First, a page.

Controlling your Arduino Project with a Standard Remote Control

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20141015_160145

Controlling your Arduino Project with a Standard Remote Control

Learning Outcomes: In this tutorial we will focus on using an infra-red receiver and an Arduino micro-controller to receive signals from any infra-red remote (such as your television remote).  We can then program the Arduino to react in unique ways to specific button presses, such as turning on an LED.   Components required for this tutorial: 1 Arduino (Any Arduino will do) 1 USB cable 1 Infra-red receiver 1 or more LEDs 1 Resistor (220-ohm) 1 Breadboard Assorted Jumper wires A remote control (such as a television remote)   Instructions: Step 1 – Setting up the Arduino: First, we need to connect the infra-red sensor to the Arduino so that it is ready to receive IR signals from your remote.  To do this, connect the left leg of your sensor to a digital pin (in this case we are using 11), the middle leg to ground and the right leg to +5V. 20141015_144730 ck_im1 Step 2 – Finding the IR values of your remote: This tutorial is assuming you are a least a little familiar with Arduino and have set up the environment .  Now we need to find a way to decode the IR signals with our sensor.  In order for the sensor to change the light it is receiving into a usable number, we need to measure the pulse of the light. The easiest way to do this is to download a pre-made external library for Arduino here.  To install the library, all you need to do is move the unzipped IRremote directory to your Arduino libraries folder (where you first installed the Arduino IDE). Now that we have our library, we can open Arduino.  I have provided the basic code below that we will use to get our values below, with explaining comments:
#include <IRremote.h> int IRpin = 11; IRrecv irrecv(IRpin); decode_results results; void setup() { Serial.begin(9600);  //open the serial port irrecv.enableIRIn(); // start receiving data } void loop() { if (irrecv.decode(&results)) { Serial.println(results.value, DEC); //print the value irrecv.resume(); // receive the next value } }
  Now we can begin to get IR values from our remote.  First, upload the sketch to your Arduino. Next open the Serial Monitor: ck_im2    Now, aim your remote control at the sensor and press a button.  You should see a decimal value appear on your serial monitor. 20141015_150934   ck_im3 Press the same button a few times to make sure the same value repeats itself. The value itself may look like gibberish, but be sure to make note of it (write it down!). Many times a remote button will have multiple functions (such as with a universal remote) and will give off multiple values, so it’s easiest if you stick with a button that consistently shows one value in the serial monitor.    Step 3 – Using our IR receiver values to turn on an LED: Once you’ve found the values of your remote control buttons that you wish to use in your project, the world is your oyster!  In this tutorial we will use turning an LED on and off as an example, but you can use the IR signals however you wish! First we must set up our LED circuit alongside our IR receiver, by connecting an LED to our breadboard.  In this case the output of the LED should be connected to pin 6 (using the resistor!) and the ground to the ground rail.  Note that we have modified our previous circuit to have a common ground and power. 20141015_153148 ck_im4 Now we can modify our code to use the inputted remote IR values to turn the LED on and off.  Using the value we made note of in the previous step, we can write a simple if statement to turn on the LED if that value is read.  See the code below with changes highlighted, and note the comments for a description. Make sure you use the value you found in the second step!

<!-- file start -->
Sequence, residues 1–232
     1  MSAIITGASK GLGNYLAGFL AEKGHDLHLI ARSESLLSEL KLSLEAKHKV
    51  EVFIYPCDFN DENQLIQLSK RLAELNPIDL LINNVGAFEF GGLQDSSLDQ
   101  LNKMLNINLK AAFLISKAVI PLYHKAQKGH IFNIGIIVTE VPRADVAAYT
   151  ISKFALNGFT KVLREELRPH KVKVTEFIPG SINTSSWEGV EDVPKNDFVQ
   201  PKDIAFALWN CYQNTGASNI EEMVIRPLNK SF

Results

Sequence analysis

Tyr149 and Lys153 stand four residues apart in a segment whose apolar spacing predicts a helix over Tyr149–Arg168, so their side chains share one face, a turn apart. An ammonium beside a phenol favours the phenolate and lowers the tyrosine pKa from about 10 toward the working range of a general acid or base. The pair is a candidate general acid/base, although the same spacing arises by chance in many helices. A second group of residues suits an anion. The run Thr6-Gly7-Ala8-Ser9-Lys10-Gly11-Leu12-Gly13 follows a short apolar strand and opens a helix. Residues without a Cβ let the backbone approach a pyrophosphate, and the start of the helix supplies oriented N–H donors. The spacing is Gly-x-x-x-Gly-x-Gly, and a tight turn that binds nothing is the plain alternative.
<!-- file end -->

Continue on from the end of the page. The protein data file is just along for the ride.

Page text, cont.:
include <IRremote.h> int IRpin = 11; int ledpin = 6; //pin LED is connected to IRrecv irrecv(IRpin); decode_results results; void setup() { Serial.begin(9600);  //open the serial port irrecv.enableIRIn(); // start receiving data pinMode(ledpin, OUTPUT); //define LED as output } void loop() { if (irrecv.decode(&results)) { Serial.println(results.value, DEC); //print the value if(results.value==16679039) // your value here         {            digitalWrite(ledpin, HIGH);   // turn the LED on            delay(1000);               // wait for a second         } irrecv.resume(); // receive the next value } }
  ck_im5 Now if we upload this sketch, we can use our remote to turn on the LED! Make sure you use the value related to the button you pressed.  If the LED does not turn on, first check your serial monitor again to make sure the value matches the value in your if statement, then check your circuit wiring. 20141015_160145   Conclusion – Applying our IR receiver values to other projects: With this tutorial we learned the basics of using infra-red receiver sensors with Arduino micro-controllers.  Once you understand how to use the IR values to turn on an LED, you can apply it to your own projects.  It does not need to be limited to turning things on or off either.  For example, you could create a light sculpture with RGB LEDs and use the remote to choose the light color, or use it as a dimmer, etc. You can program the Arduino to use the remote control buttons however you wish!    

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